Originally created 02/14/01

Survey finds area benefits for business



A national business publication recently ranked the Augusta-Aiken area 13th out of the more than 330 cities for businesses to relocate to and expand.

The announcement, which came in Expansion Management magazine's January issue, might assist the Augusta Metro Chamber of Commerce in attracting businesses during the local leg of this year's Red Carpet Tour.

The statewide tour is designed to attract businesses to Georgia. The Augusta leg will take place during Masters Week.

The magazine based its rankings on a survey of site-selection consultants, who considered an area's business environment, work-force quality, operating costs, incentive programs, worker-training programs and ease of working with local officials.

"(The survey is) something we'll definitely use," said Kevin Shea, senior vice president of economic development for the chamber. "We've tried to cultivate these consultants because they have more than just one project. We want to make sure they're aware of Augusta when it comes time to make recommendations."

The magazine's survey might help to boost the area, which has experienced a recent exodus of manufacturers.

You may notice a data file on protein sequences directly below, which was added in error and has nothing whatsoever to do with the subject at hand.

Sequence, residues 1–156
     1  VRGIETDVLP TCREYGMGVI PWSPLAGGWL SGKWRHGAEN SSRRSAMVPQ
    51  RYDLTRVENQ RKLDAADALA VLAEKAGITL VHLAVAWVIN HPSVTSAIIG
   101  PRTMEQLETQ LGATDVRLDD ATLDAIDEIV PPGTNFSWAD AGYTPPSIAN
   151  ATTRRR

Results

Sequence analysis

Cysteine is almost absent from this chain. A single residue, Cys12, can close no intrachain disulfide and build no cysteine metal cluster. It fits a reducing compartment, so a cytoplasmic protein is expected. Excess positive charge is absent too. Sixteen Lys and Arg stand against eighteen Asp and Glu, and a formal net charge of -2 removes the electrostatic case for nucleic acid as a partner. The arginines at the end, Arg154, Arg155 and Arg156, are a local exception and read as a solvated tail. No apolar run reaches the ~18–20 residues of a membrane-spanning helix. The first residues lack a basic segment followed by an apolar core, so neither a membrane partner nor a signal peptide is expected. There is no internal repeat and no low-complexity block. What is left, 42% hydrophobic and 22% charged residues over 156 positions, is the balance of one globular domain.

Closures this year include that of Globe Business Furniture's wooden table plant in Waynesboro, International Paper's Washington lumber mill, Rock-Tenn's Augusta paperboard packaging plant and Bill's Dollar Store's warehouse-distribution center in south Richmond County.

"Those are examples of businesses affected by a national climate, not by doing business in Augusta," Mr. Shea said. "Those are negative things impacting us, but they're partly due to the national economy and partly due to their particular segments of business."

According to a study by ING Financial Services, however, Augusta ranks as one of the worst of the nation's 125 largest cities in which to earn and save money.

Augusta's 2001 ranking is 97, down from 94 last year. Atlanta ranks 26, down from 17 in 2000.

The study uses data such as average household income, job quality, cost of living, unemployment, housing costs and crime level to determine the best cities to support a high-quality lifestyle.

The area's primary weaknesses are: 107th for high unemployment (4.9 percent); 106th for low participation in retirement savings programs (53 percent of households); 105th for low educational attainment (12.6 years of education per person over age 25); and 102nd for low wealth.

"That points out issues we know we need to work on, such as education," Mr. Shea said. " But it's a long-term issue. It's a social issue - not an overnight fix."

Reach John Bankston at (706) 823-3352 or jbanks15@hotmail.com.